Then the scene all played out. He walked towards the umbrella! I was just excited I got a half decent shot of him with the umbrella in the background.
The bird was very calm and did not seemed stress at all by my presence. I took my camera off my tripod and laid belly first on the sand. At first I placed my elbows in the sand to brace the camera to shoot. I did a military crawl towards the plover and towards the end, I put my lens collar foot on the sand. My camera was about an inch off the ground.
While the shooting is good.....SHOOT! I took about 200 deliberate photographs of the plover, and for 30 minutes did a military crawl to inch closer and closer to him.
While I was photographing him, I either thought to myself said out loud, "That's so you Jesus." I could not have set up the perfect background with the perfect subject if I tried a million times. It would have been comical seeing me running around with an umbrella placing it down behind the plover over and over. But yet, Jesus displayed Himself again to me by orchestrating everything all together!
I knew I was killing my elbows and knees in the harsh sand, but the pain did not matter compared to the shots I was getting.
At one point the plover was so relaxed, he laid down in the sand. He would have laid down longer, but a group of young kids ran past him and made him stand back up.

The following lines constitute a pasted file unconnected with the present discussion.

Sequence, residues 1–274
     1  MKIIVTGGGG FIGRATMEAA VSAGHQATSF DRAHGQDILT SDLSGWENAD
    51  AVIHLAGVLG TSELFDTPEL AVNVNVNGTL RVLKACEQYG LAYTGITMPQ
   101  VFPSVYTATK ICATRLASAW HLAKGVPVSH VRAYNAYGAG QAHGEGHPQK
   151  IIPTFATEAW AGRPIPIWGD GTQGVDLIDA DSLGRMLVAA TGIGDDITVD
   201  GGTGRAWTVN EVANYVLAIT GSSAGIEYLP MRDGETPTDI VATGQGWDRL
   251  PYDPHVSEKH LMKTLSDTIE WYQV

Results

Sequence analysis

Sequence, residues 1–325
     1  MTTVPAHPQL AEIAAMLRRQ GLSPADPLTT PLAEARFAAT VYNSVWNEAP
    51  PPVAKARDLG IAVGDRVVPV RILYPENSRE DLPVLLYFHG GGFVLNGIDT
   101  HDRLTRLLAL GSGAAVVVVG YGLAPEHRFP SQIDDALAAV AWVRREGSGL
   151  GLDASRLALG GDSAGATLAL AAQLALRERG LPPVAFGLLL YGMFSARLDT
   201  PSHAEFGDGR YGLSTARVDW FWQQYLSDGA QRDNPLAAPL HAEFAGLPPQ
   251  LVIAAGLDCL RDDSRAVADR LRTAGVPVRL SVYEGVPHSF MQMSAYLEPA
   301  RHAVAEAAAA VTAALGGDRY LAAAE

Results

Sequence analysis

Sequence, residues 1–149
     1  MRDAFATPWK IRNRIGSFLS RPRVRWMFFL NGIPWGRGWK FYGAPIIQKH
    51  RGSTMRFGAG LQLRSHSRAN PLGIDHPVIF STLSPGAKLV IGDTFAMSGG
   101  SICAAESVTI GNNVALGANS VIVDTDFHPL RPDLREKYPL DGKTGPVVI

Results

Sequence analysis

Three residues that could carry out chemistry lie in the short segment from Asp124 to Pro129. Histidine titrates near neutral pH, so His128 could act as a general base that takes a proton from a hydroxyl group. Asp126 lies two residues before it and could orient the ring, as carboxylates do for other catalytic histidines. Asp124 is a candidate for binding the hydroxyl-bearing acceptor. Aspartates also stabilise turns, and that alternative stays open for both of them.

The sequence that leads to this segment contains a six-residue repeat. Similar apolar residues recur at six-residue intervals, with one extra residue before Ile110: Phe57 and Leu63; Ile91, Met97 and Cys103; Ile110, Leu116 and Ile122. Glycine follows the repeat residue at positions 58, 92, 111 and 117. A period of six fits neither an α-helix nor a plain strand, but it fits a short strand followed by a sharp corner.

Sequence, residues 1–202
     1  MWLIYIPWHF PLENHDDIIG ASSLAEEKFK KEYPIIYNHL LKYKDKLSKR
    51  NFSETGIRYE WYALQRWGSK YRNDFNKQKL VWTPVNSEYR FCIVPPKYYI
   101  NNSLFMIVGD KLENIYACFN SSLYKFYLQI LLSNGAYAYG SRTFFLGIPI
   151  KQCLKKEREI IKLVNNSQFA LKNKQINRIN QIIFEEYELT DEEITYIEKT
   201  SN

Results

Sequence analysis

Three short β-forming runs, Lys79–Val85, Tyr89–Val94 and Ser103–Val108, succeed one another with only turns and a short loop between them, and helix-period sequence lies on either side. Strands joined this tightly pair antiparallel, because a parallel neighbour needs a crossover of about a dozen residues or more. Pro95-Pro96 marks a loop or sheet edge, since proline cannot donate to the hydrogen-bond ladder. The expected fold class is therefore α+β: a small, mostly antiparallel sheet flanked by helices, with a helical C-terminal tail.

I had captured my "dream" photo and was finished with my shoot, so I told the plover thank you........a tradition I typically do with the animal I am photographing.
I had no idea how far I had crawled in the sand, so I walked out the distance to calculate later. I crawled over 20 feet. My knees suffered the brunt of the ordeal because the skin on my knees is now peeling off.
I would do it all over again if the situation presented itself. That's so you Jesus!
I love going to the Cecil B. Day Butterfly Centerat Callaway Garden. There are so many different types of butterflies to look at. I could not photograph my favorite one because it was busy fluttering around. This butterfly was kind enough to be still for me to photograph it. I love the pattern on the border of the butterflies wings.
Location: Callaway Gardens, Pine Mountain, Georgia
Normally when I shoot, I am looking for hummingbirds or wildlife, but I love to photograph flowers and nature too. I have to use a whole different set of eyes to photograph the two.
Wildlife is usually on a larger scale except for hummingbirds. When I am photographing hummingbirds, I know right where to go, and I don't stop to look at the tiny details.
I am getting familiar with my macro lens which is a lot different than my long zoom lens. With the macro lens, I have to decide is a small area what I want sharp and what I want to blur.
The water of the leaves stopped me in my tracks. It was beautiful. I chose to focus on the one water drop and leave the rest of the photo darker to draw your eye to the one drop.
Location: The State Botanical Garden of Georgia
I have also started a photography blog with Guidepost on Guideposts.org. The title of the blog is, He Created It All. It is an exciting new adventure for me and a HUGE God thing. God opened the door, and I was very excited to walk through it. Click here to see the blog. Thanks for stopping by!